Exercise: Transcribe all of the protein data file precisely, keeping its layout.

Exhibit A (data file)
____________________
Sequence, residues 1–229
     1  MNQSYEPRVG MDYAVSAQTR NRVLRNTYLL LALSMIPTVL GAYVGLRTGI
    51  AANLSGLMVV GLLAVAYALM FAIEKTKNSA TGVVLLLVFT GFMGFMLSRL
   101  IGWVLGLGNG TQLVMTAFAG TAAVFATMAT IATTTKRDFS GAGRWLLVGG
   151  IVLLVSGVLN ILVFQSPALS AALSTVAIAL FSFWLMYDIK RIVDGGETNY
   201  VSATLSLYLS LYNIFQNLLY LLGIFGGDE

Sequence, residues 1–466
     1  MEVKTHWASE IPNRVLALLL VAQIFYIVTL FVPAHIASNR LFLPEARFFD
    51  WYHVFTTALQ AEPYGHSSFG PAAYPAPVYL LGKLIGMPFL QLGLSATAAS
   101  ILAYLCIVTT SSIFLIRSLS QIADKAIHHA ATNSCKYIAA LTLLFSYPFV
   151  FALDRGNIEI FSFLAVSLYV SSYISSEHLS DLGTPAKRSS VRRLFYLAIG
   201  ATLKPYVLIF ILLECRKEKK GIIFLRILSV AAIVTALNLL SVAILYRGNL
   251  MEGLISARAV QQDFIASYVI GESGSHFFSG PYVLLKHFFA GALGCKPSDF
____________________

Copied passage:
Sequence, residues 1–229
     1  MNQSYEPRVG MDYAVSAQTR NRVLRNTYLL LALSMIPTVL GAYVGLRTGI
    51  AANLSGLMVV GLLAVAYALM FAIEKTKNSA TGVVLLLVFT GFMGFMLSRL
   101  IGWVLGLGNG TQLVMTAFAG TAAVFATMAT IATTTKRDFS GAGRWLLVGG
   151  IVLLVSGVLN ILVFQSPALS AALSTVAIAL FSFWLMYDIK RIVDGGETNY
   201  VSATLSLYLS LYNIFQNLLY LLGIFGGDE

Sequence, residues 1–466
     1  MEVKTHWASE IPNRVLALLL VAQIFYIVTL FVPAHIASNR LFLPEARFFD
    51  WYHVFTTALQ AEPYGHSSFG PAAYPAPVYL LGKLIGMPFL QLGLSATAAS
   101  ILAYLCIVTT SSIFLIRSLS QIADKAIHHA ATNSCKYIAA LTLLFSYPFV
   151  FALDRGNIEI FSFLAVSLYV SSYISSEHLS DLGTPAKRSS VRRLFYLAIG
   201  ATLKPYVLIF ILLECRKEKK GIIFLRILSV AAIVTALNLL SVAILYRGNL
   251  MEGLISARAV QQDFIASYVI GESGSHFFSG PYVLLKHFFA GALGCKPSDF